Jerusalem promises darker fun

Entertainment

Will Felton has a vision. In the Wiltshire countryside youths in pagan masks dance around the shadow of a caravan, intoxicated by the heady combination of music, drugs and isolation. Add to this a live folk band, punchy dialogue, flares, strobe lights and chickens and you have a play: Jez Butterworth’s Jerusalem to be precise.

The play, first played to audiences in 2009 at the Royal Court Theatre, was an instant success, The Times calling it ‘bold, ebullient and often hilarious’ and The Daily Telegraph describing it as tender and touching with an ‘exceptionally high swear word count’.

It centers on the character of Johnny ‘Rooster’ Byron (Barney Fishwick), a modern-day Pied Piper who lives on the edge: wanted for eviction by county officials, hosting raves in the woods and supplying drugs and alcohol to his friends.

Bursting with fantastical theatricality, it’s the contradiction between this and more intimate scenes, honing in on the unsustainability of Rooster’s lifestyle, which first attracted Felton to the script: the play’s dynamism and larger-than-life characters certainly came across as two of its strengths during the preview, as did the sense of fun and energy in rehearsals.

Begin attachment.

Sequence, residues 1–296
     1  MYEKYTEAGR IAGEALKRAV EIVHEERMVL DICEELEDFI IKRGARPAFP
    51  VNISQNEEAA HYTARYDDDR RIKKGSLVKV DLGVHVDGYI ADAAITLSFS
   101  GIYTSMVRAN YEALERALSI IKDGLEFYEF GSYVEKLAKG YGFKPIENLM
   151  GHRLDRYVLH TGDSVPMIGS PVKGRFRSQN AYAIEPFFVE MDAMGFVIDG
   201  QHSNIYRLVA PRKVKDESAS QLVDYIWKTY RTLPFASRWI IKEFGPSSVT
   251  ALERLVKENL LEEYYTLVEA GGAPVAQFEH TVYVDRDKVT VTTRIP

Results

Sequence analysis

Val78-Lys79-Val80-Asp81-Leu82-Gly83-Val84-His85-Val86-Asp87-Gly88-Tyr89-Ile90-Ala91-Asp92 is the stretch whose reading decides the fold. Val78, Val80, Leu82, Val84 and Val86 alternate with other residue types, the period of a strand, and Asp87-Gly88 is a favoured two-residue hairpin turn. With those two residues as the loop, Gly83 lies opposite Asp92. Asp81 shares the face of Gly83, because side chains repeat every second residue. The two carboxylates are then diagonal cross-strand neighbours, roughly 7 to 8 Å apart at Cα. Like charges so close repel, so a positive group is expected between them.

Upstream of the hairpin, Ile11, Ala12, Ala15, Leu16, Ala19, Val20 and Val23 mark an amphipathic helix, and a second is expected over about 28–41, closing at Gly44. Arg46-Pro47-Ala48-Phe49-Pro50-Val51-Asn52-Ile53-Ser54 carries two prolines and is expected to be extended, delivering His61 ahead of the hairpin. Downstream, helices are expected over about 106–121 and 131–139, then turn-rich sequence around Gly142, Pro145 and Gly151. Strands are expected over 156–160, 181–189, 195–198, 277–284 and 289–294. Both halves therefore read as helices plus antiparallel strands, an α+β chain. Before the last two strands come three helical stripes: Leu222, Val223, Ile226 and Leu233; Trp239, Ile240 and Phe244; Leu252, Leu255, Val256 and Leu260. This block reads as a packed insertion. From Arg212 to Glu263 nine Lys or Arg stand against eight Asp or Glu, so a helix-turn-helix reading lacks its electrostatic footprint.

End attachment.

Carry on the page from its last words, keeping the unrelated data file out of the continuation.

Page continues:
It is Felton’s fourth play in Oxford, and the last before taking finals later this year. His top advice to fellow directors is to choose content carefully and ensure proper knowledge of budgets and technicalities before approaching theatres with a bid; when asked what people should look forward to most about his upcoming production he was quick to answer: visual effects, a television smashed with an axe, and a spectacular woodland set.

Running from the 5th the murkiness,” is sure to be a success. With its imaginative approach – think whimsical, hand-made masks and a throne made from car tyres – and a well-known cast on the Oxford drama scene, the play promises to expose the darker side of fun.

Jerusalem is playing at The Keble O’Reilly Theatre from 5th-8th November

PHOTO/Commensal Productions